Lakehead University Highlights Residential School Effects
Aboriginal Awareness Week at Lakehead University in Thunder Bay culminates today and tomorrow with a focus on how residential schools affected not just those students who survived them, but also the generations that followed.
Residential schools, church- and government-operated, were created in the 1870s as part of an aggressive assimilation policy by the Canadian government. At their peak in 1931, 80 schools operated around the country, and eventually 150,000 aboriginal, Inuit and Métis children were forced to attend. Up to 80,000 of those students are still living. The last school closed in 1996.
Today the Lakehead University Aboriginal Awareness Centre and the SEVEN Youth Media Network unveil “Healing the Legacy: a Residential School Project by Youth,” a multimedia exhibit in the Agora University Centre through tomorrow.
The exhibit, which uses stories, photos and artwork submitted by young people depicting their experiences and perceptions of residential schools, was organized by SEVEN, a Thunder Bay–based group founded to give young people aged 13 to 30 who hail from the Nishnawbe Aski Nation (NAN) an outlet to communicate and connect through its magazine, radio programs and website.
“The main goal for this project was to build an understanding between non-aboriginal and aboriginal people,” said SEVEN director Grace Winter.
Such a focus is especially timely and relevant given the release on February 24 of the interim report compiled by the Truth and Reconciliation Commission, which emphasized education as a main tool for healing and moving forward.
Non-aboriginal people, when hearing about residential school’s devastating effects on the aboriginal community, have an attitude of, "It happened to you, get over it, it happened a long time ago," Winter said. However, she added, “Youth are still suffering the impact. This is a way of showing [that] this is what we’re dealing with. A lot of our families don’t know how to raise families. It’s not to rub it in anybody’s face or get them to feel bad. It’s more of an open platform and discussion.”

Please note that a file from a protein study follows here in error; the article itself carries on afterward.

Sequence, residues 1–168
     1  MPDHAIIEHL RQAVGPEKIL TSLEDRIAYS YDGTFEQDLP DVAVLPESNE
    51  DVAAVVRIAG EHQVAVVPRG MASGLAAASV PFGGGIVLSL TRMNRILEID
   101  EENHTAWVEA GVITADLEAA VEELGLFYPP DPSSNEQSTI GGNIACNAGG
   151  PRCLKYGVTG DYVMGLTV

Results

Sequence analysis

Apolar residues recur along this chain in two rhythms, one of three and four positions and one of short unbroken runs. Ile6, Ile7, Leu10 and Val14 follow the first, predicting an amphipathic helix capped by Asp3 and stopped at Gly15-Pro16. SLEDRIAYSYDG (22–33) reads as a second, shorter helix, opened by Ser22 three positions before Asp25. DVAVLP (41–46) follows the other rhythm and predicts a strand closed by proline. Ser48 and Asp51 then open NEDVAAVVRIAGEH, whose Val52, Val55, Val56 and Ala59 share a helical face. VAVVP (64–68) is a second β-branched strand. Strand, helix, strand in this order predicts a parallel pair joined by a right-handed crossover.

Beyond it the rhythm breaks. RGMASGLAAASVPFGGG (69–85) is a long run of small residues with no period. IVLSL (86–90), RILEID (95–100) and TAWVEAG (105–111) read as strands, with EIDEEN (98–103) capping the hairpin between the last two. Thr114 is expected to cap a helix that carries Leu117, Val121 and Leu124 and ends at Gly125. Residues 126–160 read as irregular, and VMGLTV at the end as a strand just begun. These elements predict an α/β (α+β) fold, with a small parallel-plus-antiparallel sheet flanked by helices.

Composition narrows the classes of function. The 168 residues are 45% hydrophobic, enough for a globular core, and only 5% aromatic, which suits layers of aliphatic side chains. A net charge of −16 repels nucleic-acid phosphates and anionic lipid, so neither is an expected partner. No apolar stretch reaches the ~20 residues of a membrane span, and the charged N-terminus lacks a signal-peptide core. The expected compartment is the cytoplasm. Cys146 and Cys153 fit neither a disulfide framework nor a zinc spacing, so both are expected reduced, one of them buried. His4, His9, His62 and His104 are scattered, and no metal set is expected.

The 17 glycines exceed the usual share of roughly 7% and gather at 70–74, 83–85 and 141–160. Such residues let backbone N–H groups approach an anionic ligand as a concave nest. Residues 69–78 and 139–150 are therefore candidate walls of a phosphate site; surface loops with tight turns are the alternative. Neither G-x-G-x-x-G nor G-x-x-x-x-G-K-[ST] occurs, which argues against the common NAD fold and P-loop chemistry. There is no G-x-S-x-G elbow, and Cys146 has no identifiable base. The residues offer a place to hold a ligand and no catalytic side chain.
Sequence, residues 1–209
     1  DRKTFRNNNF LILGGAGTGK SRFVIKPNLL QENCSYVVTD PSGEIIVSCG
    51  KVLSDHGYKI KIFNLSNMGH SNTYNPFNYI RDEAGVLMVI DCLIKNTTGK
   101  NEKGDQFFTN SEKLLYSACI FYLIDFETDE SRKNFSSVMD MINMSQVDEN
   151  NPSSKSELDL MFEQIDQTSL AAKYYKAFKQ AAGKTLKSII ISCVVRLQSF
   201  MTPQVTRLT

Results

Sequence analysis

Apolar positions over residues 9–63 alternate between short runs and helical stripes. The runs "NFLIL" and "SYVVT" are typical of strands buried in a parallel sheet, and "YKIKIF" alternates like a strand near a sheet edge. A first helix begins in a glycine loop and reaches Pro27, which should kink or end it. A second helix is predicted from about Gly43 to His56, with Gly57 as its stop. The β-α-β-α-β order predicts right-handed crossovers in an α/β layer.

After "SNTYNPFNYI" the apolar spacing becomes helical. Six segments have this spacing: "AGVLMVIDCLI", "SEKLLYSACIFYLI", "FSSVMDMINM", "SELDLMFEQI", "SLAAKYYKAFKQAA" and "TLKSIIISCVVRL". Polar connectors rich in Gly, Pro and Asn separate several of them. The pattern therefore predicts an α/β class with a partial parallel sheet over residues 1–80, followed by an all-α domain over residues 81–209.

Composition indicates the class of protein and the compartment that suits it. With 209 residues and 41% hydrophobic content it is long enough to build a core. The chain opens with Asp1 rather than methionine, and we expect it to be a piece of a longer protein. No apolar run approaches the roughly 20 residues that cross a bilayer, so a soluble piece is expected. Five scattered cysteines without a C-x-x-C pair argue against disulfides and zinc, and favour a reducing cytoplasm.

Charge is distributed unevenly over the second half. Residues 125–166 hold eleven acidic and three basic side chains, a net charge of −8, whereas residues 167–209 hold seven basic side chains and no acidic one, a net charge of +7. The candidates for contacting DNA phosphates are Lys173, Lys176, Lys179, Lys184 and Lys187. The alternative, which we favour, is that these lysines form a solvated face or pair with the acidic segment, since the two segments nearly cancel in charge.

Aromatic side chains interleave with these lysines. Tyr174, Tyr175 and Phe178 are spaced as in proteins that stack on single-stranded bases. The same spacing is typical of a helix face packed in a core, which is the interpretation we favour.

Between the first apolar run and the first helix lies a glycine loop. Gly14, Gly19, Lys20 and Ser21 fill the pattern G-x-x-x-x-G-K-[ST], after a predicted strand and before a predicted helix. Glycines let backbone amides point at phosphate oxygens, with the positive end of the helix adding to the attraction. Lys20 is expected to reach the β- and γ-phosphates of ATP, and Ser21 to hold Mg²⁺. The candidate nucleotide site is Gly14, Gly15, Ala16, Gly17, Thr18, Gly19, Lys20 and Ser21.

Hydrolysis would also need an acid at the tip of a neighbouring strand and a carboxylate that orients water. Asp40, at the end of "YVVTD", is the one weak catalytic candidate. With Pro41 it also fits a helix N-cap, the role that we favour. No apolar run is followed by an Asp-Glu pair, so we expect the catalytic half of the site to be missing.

The exhibit deals with disturbing issues, relating stories of sexual abuse, addiction and domestic violence that the young people link to the resident school experiences of the generations before them. The gathering of the stories, videos and artwork were created over the course of a year, and many can be found on the SEVEN website under “TRC Project.”
“It’s honest and it’s truthful,” Winter said of the exhibit. “I’m just really grateful that our youth had the courage to submit their stories.”
After the 1 p.m. unveiling of the exhibit on March 8, there was a lecture on “Indigeneity in Education: the Evolution of Residential Schools” given by Dennis McPherson, chair of indigenous learning at the university. At 1 p.m. on March 9, NAN Deputy Grand Chief Mike Metatwabin will speak on “Surviving and Then Working with Survivors of Residential Schools,” also in the Agora.
Lakehead University has celebrated an Aboriginal Awareness Week every March since the founding of its Aboriginal Awareness Centre in 2000. There is also a nationally designated Aboriginal Awareness Week, launched in 1992, on the four days following the Victoria Day long weekend, which this year falls from May 22–25.
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